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Nation

Cannons mark Gettysburg’s 150th

A visitor to Little Round Top views Devil’s Den during ongoing activities commemorating the battle.

Matt Rourke/AP

A visitor to Little Round Top views Devil’s Den during ongoing activities commemorating the battle.

GETTYSBURG, Pa. — The booms of ground-shaking cannon fire Monday marked the 150th anniversary of the start of the Battle of Gettysburg, the defining encounter of the American Civil War.

It was after 7 a.m. on July 1, 1863, when Union troops began firing on Confederate infantry advancing up Chambersburg Road on the edge of this small, south-central Pennsylvania town.

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On Monday, Civil War buffs and spectators deployed to the spot and swarmed other parts of the battlefield to snap pictures and soak in history lessons from eager National Park Service rangers.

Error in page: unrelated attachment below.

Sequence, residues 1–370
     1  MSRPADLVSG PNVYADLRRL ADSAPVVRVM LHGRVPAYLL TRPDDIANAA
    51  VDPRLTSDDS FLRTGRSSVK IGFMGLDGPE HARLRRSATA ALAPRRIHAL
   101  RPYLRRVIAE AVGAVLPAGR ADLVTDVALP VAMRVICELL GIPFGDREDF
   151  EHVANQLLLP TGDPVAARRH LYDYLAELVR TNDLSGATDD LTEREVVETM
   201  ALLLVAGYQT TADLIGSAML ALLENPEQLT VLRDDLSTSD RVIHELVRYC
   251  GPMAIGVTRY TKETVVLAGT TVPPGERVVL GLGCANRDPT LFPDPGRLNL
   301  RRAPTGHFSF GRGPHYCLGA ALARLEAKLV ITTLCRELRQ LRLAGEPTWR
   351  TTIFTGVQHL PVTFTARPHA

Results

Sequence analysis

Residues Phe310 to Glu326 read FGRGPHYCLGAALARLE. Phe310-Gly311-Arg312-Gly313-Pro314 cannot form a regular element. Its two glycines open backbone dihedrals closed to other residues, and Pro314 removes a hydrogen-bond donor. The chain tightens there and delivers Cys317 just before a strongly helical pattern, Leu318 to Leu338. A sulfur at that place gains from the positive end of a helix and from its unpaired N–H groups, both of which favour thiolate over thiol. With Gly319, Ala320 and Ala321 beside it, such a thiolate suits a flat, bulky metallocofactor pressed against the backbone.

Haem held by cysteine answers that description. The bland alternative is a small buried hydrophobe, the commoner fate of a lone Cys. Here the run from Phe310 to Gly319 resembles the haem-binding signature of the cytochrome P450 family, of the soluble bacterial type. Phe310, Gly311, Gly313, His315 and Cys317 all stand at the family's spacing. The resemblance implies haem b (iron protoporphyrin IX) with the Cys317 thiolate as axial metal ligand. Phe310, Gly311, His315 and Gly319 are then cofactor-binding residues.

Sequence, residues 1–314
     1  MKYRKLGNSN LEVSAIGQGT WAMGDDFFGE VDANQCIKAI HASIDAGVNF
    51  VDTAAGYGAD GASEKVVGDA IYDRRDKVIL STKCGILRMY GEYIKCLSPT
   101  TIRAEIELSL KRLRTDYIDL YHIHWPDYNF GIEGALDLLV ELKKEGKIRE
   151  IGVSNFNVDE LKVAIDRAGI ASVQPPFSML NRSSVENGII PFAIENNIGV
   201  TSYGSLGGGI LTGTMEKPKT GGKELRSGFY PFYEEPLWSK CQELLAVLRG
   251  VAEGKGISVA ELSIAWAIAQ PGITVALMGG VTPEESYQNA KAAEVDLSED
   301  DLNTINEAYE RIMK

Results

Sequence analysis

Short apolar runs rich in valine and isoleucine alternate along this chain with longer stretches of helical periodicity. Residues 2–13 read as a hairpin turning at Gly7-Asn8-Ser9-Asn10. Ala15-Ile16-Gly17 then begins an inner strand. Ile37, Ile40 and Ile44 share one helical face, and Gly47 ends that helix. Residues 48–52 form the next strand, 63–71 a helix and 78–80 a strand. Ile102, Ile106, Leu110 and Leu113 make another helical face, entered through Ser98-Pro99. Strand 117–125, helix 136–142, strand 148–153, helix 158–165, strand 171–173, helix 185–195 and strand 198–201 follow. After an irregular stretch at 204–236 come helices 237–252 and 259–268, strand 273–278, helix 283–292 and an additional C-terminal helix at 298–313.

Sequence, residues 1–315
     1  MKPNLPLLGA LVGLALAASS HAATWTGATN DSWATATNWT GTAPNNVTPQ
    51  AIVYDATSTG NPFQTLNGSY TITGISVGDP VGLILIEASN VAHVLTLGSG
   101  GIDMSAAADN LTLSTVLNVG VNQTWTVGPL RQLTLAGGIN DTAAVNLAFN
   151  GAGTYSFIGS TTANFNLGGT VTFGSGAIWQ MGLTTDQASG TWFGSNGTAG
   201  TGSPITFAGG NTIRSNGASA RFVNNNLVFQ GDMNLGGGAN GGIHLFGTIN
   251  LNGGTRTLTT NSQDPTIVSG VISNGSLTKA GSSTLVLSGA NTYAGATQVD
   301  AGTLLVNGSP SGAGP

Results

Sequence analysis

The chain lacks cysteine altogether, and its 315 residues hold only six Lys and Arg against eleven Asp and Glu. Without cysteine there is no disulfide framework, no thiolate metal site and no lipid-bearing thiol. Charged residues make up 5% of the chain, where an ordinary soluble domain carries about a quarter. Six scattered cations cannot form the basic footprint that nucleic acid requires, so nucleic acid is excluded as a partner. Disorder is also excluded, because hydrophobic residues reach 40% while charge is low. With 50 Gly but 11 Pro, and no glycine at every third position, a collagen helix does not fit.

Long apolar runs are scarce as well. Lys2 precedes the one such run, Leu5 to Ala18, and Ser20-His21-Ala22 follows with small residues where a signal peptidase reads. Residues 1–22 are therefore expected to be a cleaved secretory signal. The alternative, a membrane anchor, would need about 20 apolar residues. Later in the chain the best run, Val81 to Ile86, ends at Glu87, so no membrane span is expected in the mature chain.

More than 200,000 people are expected to visit Gettysburg over a 10-day anniversary period ending July 7. Monday also marked the opening of Gettysburg’s newest attraction, the Seminary Ridge Museum.

The National Park Service took the spotlight Sunday night with a commemorative ceremony, just about 100 yards from the actual point in the battlefield where Pickett’s Charge was rebuffed.

Historian and author Doris Kearns Goodwin delivered the keynote address.

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